It’s National Pregnancy/ Child Loss Month. And I have been invited to guest blog over at Project Pomegranate for the next several weeks about my experiences and writing #Birthed. Recently I offered this post that I’d like to also share with you today:
Since folks have heard that I wrote a memoir about my struggle with infertility, many ask: “How could you write something so painful, so personal?”
The answer I give is “How could I not?”
When my husband, Kevin and I were in the throes (and I really mean the throes) of our deepest pain of miscarriage and failed fertility treatments in 2009, I searched and searched for resources.
Not being the type of person who liked support groups and avid reader . . .
I looked for comfort in books because I could read books at home without having to go anywhere or talk to anyone about my infertility (and at my privacy was a key at that time). In the books I kept buying (and buying) from Amazon each week, I craved good, honest stories like:
I wanted someone to tell me what it felt like to visit the doctor every single morning at 7:30 am.
I wanted someone to tell me what it felt like hear via email that one of your best friends is pregnant the 3rd time without really trying (sigh).
Or, to find that an IVF cycle didn’t work for the 4th time as savings accounts sat drained.
For, when these things happened to me, I crumbled and crumbled hard. Many weeks I didn’t get out of my pajamas for days and some nights I drank too much too. I felt shame for not being able to cope with the loss appropriately (as if not being able to carry a baby successfully was a failure enough!)
Yet most of the books I read at that time fell into one of two categories (in my opinion).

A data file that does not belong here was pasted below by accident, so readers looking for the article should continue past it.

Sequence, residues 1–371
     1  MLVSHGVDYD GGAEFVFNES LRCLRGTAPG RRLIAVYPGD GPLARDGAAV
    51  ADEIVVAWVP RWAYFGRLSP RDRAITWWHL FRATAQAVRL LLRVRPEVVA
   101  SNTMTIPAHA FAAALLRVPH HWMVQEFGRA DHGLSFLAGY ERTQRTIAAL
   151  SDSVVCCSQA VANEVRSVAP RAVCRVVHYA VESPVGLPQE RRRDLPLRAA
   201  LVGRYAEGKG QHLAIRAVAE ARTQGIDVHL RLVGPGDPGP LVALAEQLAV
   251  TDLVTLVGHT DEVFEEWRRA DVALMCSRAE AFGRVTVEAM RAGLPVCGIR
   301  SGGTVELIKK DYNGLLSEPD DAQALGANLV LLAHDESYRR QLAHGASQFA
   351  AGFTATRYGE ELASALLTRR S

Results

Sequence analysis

- Let me tell you how bad infertility is—a personal memoir, detailing experiences (not spiritual)
- Let me fix your infertility—a self-help journey (and if they were spiritual, then the answers often amounted to a lot of trusting God and praying harder)
To my frustration, neither of these approaches seemed congruent with our experiences.
They left me feeling judged for my choices and often feeling more isolated. While sure, it was nice to find solidarity with those who had walked in similar shoes, I hated getting to the end of the book only feeling like there’d been little to no movement on the part of the author.
I wanted a deeper, more reflective memoir.
I wanted someone to tell me how they found God in the mess of so much loss and so much pain.
I wanted to know how I could move from the angry and obsessive cries of “must have baby now” to “there’s hope for me no matter what.” I wanted to know that God hadn’t forgotten me and was just as loved as my “with child” friends.
So, when I sat down to begin to tell our story in Birthed: Finding Grace Through Infertility (which will be released by Chalice Press on December 6th) . . .
I sought to create the memoir I was looking for but never found: a story of hope, a story of wrestling with God, and a story of moving toward healing even when our journey kept not turning out like we expected.
I can’t wait for you to read it and tell me what you think.
If you live in West Virginia, Oklahoma or North Carolina I am coming to you soon. Visit my schedule page to learn more.